I'm not talking about single celled organisms, but actual cells in your body. Is there any evidence that they can learn to, say, navigate an environment or avoid an aversive stimulus like an animal could? Is their behaviour understood well enough to say that it's entirely mechanistic, or are there things we still don't know?

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    $\begingroup$ I'm not entirely sure what you're asking. What do you mean by "learn", and are you proposing a situation where the cells have somehow become removed from the body? $\endgroup$
    – MCM
    Jun 28 '14 at 3:29
  • $\begingroup$ you can start by reading on acquired immunity. en.wikipedia.org/wiki/Adaptive_immune_system $\endgroup$ Jun 28 '14 at 4:19
  • $\begingroup$ yes they do.. what do you think the epigenetic mechanisms are for.. 8-) $\endgroup$
    Jun 28 '14 at 4:57
  • $\begingroup$ @MCM yes - I'm thinking along the lines of classical conditioning. $\endgroup$
    – Joel
    Jun 28 '14 at 15:06
  • $\begingroup$ Memory B cells learn the molecules of the pathogen? $\endgroup$ Mar 5 at 20:58

For this specific question, let's divide the cells into two categories:

Cells that rarely "navigate" are the cells that are connected to give the tissue its mechanical properties. How do these avoid an "adverse stimulus"? Well, they don't avoid it. But if that stimulus "harms" cells they react in some way:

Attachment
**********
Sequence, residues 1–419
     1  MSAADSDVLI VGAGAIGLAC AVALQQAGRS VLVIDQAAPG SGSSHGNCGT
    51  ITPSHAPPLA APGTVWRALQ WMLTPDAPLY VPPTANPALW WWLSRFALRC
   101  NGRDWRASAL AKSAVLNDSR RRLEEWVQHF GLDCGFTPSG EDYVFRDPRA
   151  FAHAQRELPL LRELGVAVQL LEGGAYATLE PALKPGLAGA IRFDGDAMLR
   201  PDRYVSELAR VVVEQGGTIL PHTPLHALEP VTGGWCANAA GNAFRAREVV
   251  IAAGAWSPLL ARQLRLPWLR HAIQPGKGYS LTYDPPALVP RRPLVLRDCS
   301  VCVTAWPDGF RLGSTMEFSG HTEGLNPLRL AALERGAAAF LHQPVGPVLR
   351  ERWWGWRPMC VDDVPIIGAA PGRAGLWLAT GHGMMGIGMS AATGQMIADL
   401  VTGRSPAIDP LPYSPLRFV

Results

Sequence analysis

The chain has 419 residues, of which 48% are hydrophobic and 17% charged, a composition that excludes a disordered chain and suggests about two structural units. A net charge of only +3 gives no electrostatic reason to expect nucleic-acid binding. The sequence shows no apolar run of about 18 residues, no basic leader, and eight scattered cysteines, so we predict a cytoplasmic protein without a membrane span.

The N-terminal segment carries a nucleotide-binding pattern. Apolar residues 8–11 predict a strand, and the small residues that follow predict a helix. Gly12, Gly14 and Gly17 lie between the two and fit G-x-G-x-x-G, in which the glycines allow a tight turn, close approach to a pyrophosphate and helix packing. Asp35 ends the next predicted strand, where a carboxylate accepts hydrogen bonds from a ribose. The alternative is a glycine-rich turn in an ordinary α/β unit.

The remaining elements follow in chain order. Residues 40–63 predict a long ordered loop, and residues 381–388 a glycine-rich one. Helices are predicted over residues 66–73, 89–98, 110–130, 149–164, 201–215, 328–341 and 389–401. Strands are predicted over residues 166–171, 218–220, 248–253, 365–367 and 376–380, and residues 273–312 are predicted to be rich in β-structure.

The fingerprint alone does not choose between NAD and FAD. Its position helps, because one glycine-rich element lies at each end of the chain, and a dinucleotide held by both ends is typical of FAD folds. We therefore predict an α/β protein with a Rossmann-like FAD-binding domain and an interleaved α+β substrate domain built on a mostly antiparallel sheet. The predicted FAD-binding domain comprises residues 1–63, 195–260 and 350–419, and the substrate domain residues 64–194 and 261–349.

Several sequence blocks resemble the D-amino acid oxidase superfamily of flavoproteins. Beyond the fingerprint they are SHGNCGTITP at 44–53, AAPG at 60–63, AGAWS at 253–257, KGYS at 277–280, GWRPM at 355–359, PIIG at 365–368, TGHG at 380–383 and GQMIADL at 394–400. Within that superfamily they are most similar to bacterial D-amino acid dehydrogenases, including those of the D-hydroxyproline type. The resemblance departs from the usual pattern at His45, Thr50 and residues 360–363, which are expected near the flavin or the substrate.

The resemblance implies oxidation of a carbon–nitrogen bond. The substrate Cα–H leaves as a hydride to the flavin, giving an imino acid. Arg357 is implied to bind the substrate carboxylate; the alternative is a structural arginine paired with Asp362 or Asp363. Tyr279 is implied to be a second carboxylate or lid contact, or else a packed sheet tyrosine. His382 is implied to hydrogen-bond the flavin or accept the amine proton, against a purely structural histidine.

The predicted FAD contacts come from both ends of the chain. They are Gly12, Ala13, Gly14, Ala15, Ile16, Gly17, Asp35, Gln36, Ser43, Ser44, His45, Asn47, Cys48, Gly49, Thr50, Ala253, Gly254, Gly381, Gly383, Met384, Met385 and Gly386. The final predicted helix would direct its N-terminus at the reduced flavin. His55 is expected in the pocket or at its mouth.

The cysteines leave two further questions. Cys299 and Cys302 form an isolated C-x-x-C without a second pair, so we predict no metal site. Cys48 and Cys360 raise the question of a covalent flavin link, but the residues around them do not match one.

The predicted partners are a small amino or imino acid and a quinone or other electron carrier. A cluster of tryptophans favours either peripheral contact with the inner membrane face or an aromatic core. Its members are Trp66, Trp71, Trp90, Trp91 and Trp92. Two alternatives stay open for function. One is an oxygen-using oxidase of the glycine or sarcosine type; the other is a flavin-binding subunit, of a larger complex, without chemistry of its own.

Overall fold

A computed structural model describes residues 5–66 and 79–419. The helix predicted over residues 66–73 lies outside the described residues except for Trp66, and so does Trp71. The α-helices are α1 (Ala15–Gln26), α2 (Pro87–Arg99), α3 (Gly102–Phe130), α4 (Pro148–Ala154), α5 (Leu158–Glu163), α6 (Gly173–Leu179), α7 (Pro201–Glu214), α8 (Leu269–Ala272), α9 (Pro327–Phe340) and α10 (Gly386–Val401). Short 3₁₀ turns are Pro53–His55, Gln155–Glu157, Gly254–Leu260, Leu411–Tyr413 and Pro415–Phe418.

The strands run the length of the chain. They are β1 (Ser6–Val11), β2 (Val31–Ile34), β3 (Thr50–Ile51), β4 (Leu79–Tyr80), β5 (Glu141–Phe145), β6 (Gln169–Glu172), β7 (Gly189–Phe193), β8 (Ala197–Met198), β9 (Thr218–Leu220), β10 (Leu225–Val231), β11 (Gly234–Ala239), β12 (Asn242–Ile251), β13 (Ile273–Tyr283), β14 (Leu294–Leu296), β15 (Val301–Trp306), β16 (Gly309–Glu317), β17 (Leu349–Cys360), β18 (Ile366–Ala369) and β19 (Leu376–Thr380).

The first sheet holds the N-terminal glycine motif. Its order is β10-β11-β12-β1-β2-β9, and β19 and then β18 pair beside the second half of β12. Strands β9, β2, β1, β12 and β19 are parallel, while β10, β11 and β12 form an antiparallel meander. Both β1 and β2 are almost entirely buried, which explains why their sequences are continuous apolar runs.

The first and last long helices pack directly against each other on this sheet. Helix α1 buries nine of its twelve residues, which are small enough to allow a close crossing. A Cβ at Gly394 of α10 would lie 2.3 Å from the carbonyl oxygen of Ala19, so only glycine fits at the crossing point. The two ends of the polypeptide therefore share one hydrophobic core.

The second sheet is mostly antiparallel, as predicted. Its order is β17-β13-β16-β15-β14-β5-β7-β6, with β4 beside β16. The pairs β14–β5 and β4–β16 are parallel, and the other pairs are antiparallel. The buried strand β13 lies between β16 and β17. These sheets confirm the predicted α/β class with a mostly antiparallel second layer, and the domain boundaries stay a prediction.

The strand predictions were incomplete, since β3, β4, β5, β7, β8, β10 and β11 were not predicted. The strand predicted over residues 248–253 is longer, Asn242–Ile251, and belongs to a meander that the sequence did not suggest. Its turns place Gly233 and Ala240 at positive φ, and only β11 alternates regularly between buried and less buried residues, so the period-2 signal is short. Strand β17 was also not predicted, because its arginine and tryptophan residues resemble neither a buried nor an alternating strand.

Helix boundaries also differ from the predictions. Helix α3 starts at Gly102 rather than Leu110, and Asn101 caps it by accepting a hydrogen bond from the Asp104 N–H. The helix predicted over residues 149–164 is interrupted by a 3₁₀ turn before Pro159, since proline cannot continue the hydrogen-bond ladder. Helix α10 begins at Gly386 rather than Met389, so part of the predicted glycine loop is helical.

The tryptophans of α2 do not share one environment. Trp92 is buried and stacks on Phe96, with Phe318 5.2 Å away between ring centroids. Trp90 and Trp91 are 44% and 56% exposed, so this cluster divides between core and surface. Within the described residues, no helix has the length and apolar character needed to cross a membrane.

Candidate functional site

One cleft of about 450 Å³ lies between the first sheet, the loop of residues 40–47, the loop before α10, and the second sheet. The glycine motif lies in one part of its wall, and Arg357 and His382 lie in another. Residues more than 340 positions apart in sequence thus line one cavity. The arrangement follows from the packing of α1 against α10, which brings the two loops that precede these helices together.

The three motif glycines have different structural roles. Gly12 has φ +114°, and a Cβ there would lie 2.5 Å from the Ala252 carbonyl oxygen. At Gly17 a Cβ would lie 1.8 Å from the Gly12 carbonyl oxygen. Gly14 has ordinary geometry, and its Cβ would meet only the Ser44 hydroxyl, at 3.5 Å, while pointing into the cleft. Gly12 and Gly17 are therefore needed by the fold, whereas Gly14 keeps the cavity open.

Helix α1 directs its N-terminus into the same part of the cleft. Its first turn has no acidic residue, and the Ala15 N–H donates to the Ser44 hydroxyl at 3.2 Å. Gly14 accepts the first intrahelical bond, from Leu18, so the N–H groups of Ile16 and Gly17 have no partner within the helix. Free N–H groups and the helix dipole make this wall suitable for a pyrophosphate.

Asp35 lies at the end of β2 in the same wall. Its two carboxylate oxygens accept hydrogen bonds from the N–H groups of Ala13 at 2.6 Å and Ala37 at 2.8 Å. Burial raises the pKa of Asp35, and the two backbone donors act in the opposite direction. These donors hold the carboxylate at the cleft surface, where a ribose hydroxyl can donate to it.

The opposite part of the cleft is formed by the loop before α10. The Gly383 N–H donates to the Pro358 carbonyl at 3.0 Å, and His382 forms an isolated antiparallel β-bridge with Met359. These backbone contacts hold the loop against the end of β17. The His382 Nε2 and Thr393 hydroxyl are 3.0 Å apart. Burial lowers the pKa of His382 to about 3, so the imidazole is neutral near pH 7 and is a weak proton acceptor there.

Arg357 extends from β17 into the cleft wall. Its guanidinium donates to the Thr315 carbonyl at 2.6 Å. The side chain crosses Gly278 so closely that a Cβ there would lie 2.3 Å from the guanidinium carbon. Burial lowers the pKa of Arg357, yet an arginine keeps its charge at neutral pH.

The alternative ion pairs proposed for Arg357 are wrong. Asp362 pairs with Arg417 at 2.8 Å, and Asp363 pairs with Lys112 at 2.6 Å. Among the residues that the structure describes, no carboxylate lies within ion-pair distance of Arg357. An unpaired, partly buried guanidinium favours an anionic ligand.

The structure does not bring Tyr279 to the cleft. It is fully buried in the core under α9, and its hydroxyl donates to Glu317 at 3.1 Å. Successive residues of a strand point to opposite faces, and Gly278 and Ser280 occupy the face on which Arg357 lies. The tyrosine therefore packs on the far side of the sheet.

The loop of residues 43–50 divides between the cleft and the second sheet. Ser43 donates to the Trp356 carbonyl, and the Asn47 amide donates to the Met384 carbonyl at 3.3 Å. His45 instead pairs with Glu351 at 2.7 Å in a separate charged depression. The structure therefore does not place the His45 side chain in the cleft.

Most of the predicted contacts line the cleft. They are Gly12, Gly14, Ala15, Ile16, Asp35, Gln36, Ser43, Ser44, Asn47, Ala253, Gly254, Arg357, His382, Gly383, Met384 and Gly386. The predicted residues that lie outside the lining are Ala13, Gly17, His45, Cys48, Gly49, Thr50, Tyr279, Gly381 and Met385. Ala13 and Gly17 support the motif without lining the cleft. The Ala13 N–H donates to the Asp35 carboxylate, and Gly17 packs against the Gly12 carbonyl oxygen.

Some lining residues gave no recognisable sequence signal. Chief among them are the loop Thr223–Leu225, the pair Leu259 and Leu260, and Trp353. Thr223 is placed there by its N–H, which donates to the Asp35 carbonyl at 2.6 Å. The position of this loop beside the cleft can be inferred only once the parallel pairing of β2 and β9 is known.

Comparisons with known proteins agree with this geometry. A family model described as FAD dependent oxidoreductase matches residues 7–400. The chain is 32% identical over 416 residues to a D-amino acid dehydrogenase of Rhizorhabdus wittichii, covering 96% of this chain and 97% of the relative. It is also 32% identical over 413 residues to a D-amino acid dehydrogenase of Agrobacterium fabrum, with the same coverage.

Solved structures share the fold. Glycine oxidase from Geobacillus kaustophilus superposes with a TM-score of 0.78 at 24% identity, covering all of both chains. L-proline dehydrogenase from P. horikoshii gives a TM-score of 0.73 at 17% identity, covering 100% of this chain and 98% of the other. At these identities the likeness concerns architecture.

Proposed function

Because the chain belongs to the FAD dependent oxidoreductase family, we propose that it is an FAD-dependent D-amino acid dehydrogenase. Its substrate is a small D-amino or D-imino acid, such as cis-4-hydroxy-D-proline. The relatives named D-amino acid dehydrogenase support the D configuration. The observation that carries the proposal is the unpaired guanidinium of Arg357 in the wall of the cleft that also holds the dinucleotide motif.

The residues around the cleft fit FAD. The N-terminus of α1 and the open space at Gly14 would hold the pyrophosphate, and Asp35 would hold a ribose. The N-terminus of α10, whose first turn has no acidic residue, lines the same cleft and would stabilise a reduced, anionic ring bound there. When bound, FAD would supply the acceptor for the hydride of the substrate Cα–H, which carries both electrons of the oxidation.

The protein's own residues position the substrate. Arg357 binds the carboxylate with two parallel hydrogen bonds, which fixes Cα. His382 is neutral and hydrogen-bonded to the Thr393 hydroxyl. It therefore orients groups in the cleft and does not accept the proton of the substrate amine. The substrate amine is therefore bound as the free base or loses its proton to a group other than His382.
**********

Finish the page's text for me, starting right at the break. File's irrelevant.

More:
• if the cell is destructed by the pathogen, it will release chemical compounds that have chemotactic properties and attract specialized cells.
  • if the pathogen has intracellular tropism, the cell may release some chemical compounds (see interferon) to "alert" other cells that something is wrong. Most cells can also present antigens on their surface.
  • there are also some stimuli which change cellular life cycle turning cells into cancerous cells. These cells can gain excretory properties and produce substances that destroy intercellular jonctions. This is how metastases occur.

Cells that "navigate" are the blood cells. White blood cells respond to different kind of stimuli (chemical) in two ways: either they are attracted (by inflammatory cytokines for example) either they are repelled. Macrophages are attracted by cytokines released when a pathogen agent triggers inflammatory response. They "ingest" that pathogen through phagocytosis and expose some parts of it (the antigens) on their surface receptors. This stimulates lymphocytes which process that antigen and decide if it is self or non-self. If it is non-self, they stimulate proliferation of specialized cells against that antigen. Another type of blood cells, the platelets, although they have no nucleus, have interesting properties: they can adhere to the broken endothelium where they change shape and start to produce different chemical mediators.

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